If set to true, prevents git-annex from making changes to a remote. This prevents git-annex sync and git-annex assist from pushing changes to a git repository. And it prevents storing or removing files from read-only remote.

  • remote.<name>.annex-verify, annex.verify

    By default, git-annex will verify the checksums of objects downloaded from remotes. If you trust a remote and don't want the overhead of these checksums, you can set this to false.

    Note that even when this is set to false, git-annex does verification in some edge cases, where it's likely the case than an object was downloaded incorrectly, or when needed for security.

  • remote.<name>.annex-tracking-branch

    This is for use with special remotes that support exports and imports.

    When set to eg, "master", this tells git-annex that you want the special remote to track that branch.

    When set to eg, "master:subdir", the special remote tracks only the subdirectory of that branch.

    Setting this enables some other commands to work with these special remotes: git-annex pull will import changes from the remote and merge them into the annex-tracking-branch. And git-annex push will export changes to the remote. Higher-level commands git-annex sync --content and git-annex assist both import and export.

  • remote.<name>.annex-export-tracking

    Deprecated name for remote.<name>.annex-tracking-branch. Will still be used if it's configured and remote.<name>.annex-tracking-branch is not.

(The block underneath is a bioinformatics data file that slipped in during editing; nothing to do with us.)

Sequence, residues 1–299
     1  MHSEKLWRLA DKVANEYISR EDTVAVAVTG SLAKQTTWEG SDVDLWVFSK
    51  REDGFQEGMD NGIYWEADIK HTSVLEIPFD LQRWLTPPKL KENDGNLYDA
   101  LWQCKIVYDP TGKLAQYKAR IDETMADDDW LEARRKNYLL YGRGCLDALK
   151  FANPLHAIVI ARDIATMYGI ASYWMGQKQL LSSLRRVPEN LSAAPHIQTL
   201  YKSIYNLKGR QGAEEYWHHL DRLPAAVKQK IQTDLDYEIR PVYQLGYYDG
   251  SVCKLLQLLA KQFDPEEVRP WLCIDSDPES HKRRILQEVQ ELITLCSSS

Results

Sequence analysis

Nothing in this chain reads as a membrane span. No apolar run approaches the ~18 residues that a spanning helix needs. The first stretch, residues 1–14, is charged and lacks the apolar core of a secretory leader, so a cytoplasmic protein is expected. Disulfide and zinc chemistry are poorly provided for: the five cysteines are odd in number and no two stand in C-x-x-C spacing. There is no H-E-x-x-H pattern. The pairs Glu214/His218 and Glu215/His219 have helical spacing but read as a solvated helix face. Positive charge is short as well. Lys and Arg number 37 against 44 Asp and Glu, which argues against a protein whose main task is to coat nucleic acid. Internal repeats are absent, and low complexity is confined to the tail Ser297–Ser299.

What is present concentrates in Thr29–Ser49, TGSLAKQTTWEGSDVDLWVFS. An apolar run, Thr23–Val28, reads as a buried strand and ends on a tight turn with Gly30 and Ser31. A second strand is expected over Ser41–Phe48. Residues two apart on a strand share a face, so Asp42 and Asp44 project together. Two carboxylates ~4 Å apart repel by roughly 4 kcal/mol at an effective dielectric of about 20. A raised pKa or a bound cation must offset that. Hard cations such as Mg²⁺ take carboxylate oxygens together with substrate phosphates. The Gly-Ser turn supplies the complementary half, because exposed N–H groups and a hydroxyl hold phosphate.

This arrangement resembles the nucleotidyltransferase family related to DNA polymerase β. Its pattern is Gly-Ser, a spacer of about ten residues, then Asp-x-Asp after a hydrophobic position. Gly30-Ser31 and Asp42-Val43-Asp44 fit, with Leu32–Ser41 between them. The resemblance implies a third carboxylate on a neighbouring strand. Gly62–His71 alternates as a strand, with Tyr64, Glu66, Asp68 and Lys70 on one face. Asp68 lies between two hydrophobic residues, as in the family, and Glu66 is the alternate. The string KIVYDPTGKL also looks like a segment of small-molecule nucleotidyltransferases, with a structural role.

• remote.<name>.annexUrl

    Can be used to specify a different url than the regular remote.<name>.url for git-annex to use when talking with the remote. Similar to the pushUrl used by git-push.

  • remote.<name>.annex-uuid

    git-annex caches UUIDs of remote repositories here.

  • remote.<name>.annex-config-uuid

    Used for some special remotes, points to a different special remote configuration to use.

  • remote.<name>.annex-retry, annex.retry

    Number of times a transfer that fails can be retried. (default 0)

  • remote.<name>.annex-forward-retry, annex.forward-retry

    If a transfer made some forward progress before failing, this allows it to be retried even when annex.retry does not. The value is the maximum number of times to do that. (default 5)

    When both annex.retry and this are set, the maximum number of retries is the larger of the two.

  • remote.<name>.annex-retry-delay, annex.retry-delay

    Number of seconds to delay before the first retry of a transfer. When making multiple retries of the same transfer, the delay doubles after each retry. (default 1)

  • remote.<name>.annex-bwlimit, annex.bwlimit

    This can be used to limit how much bandwidth is used for a transfer from or to a remote.

    For example, to limit transfers to 1 mebibyte per second: git config annex.bwlimit "1MiB"

    This will work with many remotes, including git remotes, but not for remotes where the transfer is run by a separate program than git-annex.

  • remote.<name>.annex-bwlimit-download, annex.bwlimit-download

    Limit bandwith for downloads from a remote.

    Overrides remote.<name>.annex-bwlimit and annex.bwlimit

  • remote.<name>.annex-bwlimit-upload, annex.bwlimit-upload

    Limit bandwith for uploads to a remote.

    Overrides remote.<name>.annex-bwlimit and annex.bwlimit

  • remote.<name>.annex-stalldetection, annex.stalldetection

    Configuring this lets stalled or too-slow transfers be detected, and dealt with, so rather than getting stuck, git-annex will cancel the stalled operation. The transfer will be considered to have failed, so settings like annex.retry will control what it does next.